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More duties for appellate lawyers

Matthew Gunner made a choice, and wound up with a ten-year prison sentence.  Last week, the 6th Circuit held in Gunner v. Welch that this was likely his lawyer's fault.  In doing so, the court held that the case "raises a significant issue regarding the obligation of assigned appellate counsel in Ohio."

That got my attention.

Gunner was charged back in 2006 with drug trafficking offenses which carried a mandatory ten-year prison term.  It was almost impossible to beat - the 6th Circuit found that the State's evidence was "very compelling" - and so when the prosecution offered a deal which took the mandatory term off the table, that definitely deserved a look.  But Gunner's lawyer told him not to take it, so Gunner went to trial.  After the inevitable conviction, Gunner's mother spoke to that lawyer assigned to handle the appeal, and told him of the circumstances surrounding the rejection of the plea.  The lawyer brushed her off, telling her that the appeal was limited to what was in the record.

Which is true, as any appellate lawyer can tell you.  What the Gunner decision says is that they better tell you about post-conviction relief as well.

Ohio's post-conviction relief statute allows you to file a claim alleging that your constitutional rights were violated at trial, and to support that claim with evidence outside the record, such as affidavits.  It's a good vehicle for raising ineffective assistance claims that revolve around the lawyer's advice, such as in Gunner's case.  The problem is that there's a very short window for filing a PCR petition:   180 days after the transcript in the appeal is filed.  (If no appeal is filed, it's 180 days after one could have been filed, which works out to 210 days after the final judgment entry.)  If you blow the deadline, you're pretty much out of luck; you've got to show that the US Supreme Court has recognized a new right which applies to your situation, and that no reasonable juror would have found you guilty.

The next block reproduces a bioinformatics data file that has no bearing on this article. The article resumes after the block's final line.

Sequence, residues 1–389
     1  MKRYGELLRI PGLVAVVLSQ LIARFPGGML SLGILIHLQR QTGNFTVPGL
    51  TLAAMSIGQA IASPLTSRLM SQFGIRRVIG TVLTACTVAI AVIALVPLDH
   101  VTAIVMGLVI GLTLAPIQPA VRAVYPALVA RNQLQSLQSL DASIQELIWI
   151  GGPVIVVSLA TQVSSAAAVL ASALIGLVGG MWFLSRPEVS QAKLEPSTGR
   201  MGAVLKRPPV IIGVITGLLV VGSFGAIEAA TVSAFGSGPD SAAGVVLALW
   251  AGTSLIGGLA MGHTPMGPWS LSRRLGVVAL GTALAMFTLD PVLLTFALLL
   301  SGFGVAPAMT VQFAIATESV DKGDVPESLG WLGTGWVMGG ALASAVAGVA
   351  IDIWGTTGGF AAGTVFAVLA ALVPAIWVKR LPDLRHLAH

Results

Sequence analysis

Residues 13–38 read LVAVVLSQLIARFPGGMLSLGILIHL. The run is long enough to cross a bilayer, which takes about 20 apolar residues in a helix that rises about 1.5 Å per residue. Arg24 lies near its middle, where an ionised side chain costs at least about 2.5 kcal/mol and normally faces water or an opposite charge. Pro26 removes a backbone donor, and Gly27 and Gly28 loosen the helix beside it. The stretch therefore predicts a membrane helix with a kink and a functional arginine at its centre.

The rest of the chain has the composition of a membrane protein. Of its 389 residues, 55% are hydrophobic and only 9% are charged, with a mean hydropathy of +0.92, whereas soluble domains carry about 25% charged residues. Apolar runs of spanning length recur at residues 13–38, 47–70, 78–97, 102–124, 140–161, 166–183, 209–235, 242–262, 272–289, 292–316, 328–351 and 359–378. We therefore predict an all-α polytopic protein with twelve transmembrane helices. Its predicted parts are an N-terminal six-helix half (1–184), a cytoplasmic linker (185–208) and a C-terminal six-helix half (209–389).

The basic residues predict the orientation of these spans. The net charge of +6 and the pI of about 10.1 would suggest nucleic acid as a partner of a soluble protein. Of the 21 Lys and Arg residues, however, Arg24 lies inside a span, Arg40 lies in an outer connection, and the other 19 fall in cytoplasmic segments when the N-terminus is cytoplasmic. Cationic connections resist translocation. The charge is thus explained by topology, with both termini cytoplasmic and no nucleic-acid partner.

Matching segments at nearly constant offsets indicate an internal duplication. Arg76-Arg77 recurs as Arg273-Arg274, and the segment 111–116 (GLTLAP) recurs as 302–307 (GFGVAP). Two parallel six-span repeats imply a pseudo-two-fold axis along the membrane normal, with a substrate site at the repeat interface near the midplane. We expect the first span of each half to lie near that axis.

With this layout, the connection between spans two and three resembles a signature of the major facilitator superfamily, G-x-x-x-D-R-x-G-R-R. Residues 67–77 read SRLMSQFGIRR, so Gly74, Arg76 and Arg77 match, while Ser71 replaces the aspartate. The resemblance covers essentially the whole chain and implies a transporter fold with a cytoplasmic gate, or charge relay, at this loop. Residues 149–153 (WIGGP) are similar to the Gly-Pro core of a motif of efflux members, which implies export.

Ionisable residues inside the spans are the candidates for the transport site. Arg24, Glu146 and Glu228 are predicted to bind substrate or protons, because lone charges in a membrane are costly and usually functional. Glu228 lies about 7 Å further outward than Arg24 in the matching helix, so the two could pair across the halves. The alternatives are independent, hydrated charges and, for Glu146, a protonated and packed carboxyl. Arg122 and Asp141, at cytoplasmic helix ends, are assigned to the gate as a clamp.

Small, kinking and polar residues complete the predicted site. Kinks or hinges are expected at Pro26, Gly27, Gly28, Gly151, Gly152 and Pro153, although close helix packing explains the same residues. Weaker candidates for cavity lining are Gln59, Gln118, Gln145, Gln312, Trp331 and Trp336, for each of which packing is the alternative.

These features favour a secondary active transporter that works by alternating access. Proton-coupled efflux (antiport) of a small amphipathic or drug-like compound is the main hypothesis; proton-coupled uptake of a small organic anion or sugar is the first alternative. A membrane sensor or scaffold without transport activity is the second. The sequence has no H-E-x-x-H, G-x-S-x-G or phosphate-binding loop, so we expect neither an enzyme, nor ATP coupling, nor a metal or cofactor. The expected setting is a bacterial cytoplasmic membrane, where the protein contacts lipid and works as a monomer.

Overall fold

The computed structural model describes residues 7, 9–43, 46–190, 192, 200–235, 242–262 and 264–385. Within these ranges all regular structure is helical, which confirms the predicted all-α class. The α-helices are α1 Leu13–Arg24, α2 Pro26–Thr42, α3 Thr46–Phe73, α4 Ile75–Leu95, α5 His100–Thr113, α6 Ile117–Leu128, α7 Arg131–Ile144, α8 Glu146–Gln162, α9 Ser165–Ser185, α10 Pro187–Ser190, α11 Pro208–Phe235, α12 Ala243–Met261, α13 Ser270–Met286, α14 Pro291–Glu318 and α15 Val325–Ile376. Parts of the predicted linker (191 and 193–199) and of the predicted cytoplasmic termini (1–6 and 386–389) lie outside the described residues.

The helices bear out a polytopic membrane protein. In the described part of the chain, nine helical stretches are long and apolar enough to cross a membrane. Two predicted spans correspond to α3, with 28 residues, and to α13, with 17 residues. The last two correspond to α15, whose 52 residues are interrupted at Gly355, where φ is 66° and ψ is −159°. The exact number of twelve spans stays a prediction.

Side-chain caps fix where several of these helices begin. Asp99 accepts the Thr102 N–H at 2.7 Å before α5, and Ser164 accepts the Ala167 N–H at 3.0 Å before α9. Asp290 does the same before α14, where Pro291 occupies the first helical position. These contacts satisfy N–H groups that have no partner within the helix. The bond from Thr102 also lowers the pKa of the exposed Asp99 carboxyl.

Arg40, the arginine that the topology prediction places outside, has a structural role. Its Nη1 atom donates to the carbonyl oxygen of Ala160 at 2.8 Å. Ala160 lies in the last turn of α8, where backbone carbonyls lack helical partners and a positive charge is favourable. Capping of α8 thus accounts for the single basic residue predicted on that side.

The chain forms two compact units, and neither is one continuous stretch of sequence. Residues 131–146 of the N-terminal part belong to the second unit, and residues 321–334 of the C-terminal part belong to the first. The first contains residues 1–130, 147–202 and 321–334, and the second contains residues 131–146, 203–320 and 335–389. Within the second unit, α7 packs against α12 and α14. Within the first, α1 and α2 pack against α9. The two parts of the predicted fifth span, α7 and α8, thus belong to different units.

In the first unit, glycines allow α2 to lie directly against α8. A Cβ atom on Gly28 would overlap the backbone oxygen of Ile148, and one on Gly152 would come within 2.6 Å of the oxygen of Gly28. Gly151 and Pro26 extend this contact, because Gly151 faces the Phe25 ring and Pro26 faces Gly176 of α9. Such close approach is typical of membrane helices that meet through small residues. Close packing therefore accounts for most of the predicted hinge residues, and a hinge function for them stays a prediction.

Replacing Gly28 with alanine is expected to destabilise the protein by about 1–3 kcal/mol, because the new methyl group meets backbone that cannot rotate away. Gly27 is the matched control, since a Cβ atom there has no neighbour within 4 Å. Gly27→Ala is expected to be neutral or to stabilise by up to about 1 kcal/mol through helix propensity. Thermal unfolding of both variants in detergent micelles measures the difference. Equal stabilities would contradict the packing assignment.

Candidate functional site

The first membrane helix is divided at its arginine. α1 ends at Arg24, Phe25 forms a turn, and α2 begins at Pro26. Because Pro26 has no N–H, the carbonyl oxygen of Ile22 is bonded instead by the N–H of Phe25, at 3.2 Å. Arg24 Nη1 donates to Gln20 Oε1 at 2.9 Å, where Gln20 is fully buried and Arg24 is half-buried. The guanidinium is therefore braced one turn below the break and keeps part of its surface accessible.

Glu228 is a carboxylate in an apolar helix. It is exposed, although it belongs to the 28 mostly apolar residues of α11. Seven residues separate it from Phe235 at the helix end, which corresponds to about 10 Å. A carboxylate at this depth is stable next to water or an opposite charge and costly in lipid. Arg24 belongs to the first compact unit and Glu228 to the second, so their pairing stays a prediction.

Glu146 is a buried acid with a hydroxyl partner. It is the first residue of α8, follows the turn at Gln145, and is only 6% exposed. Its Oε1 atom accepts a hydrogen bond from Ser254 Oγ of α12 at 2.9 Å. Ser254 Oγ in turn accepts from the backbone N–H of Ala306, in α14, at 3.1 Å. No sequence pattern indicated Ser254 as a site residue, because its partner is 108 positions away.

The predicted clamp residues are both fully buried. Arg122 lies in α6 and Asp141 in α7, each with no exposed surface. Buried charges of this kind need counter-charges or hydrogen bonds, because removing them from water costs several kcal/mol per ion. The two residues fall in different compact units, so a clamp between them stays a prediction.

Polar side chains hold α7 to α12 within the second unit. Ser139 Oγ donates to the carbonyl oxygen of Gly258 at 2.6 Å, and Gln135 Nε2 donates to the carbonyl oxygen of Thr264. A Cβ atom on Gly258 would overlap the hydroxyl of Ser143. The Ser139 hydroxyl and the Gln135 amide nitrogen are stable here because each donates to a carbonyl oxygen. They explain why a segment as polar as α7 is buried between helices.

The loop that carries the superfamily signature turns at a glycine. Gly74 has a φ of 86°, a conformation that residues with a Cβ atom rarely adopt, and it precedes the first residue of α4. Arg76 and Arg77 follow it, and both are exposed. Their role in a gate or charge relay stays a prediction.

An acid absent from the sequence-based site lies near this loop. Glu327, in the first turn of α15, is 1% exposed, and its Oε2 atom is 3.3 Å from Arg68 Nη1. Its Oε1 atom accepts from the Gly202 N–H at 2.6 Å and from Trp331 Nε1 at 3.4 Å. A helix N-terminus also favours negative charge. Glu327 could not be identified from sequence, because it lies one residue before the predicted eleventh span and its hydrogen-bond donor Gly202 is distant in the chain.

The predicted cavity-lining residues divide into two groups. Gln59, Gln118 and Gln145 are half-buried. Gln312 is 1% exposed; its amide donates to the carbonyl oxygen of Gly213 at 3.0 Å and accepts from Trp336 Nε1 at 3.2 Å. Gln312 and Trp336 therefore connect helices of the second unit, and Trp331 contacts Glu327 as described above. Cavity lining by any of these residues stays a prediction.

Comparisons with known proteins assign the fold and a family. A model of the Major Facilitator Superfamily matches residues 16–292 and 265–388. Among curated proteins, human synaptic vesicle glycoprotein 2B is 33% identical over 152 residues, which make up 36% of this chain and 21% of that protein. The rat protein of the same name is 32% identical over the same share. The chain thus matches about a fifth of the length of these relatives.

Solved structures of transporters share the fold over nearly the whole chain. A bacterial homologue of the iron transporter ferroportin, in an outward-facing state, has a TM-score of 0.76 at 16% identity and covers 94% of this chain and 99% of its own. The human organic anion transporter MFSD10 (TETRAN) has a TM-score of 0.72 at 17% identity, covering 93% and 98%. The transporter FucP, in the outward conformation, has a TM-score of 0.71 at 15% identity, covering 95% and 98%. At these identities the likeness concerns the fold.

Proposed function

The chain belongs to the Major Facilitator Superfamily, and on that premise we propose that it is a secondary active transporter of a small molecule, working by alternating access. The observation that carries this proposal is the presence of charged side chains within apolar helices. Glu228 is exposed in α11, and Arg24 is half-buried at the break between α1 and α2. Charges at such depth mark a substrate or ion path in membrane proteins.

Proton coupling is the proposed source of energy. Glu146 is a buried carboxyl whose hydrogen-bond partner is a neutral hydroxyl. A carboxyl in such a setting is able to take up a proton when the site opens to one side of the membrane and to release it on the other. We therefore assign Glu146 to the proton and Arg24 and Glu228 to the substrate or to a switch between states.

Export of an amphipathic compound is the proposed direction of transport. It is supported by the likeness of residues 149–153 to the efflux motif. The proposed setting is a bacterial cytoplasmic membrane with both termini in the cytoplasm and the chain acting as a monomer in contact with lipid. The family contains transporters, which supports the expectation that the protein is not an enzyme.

Gunner's appellate lawyer didn't tell him about post-conviction relief, or about the 180-day limit.  After his conviction was affirmed by the 6th District and the Ohio Supreme Court declined review, Gunner took it to Federal court on a habeas petition.  The judge denied it, on the grounds that the lawyer had no obligation to tell him about that, because post-conviction relief is a proceeding "for which there is no right to an attorney under the Constitution."

The panel rejects that, relying heavily on the law of contracts and agency:  an agent may have the obligation to advise his principal of information, even if the agent doesn't have the obligation to pursue action on the basis of that information.  But there are some larger issues in play.  After all, post-conviction relief isn't an ordinary collateral proceeding:  it's the only way to address an ineffective  assistance of counsel claim which depends on evidence outside the record.  In fact, the opinion suggests that a defendant may be entitled to counsel in a post-conviction relief proceeding; indeed, under RC 120.16, the county public defender is supposed to provide representation for cases of "arguable merit."

That gets a bit farther down the road.  For now, the takeaway from Gunner is that, if you're handling an appeal, talk to your client about whether he has a viable ineffective assistance claim that would require evidence outside the record.  If you think he does, contact the county public defender or the Ohio Public Defender's office.  At a minimum, you should advise him of the possibility of post-conviction relief and the deadline for filing it, and tell him about the option with the public defender.

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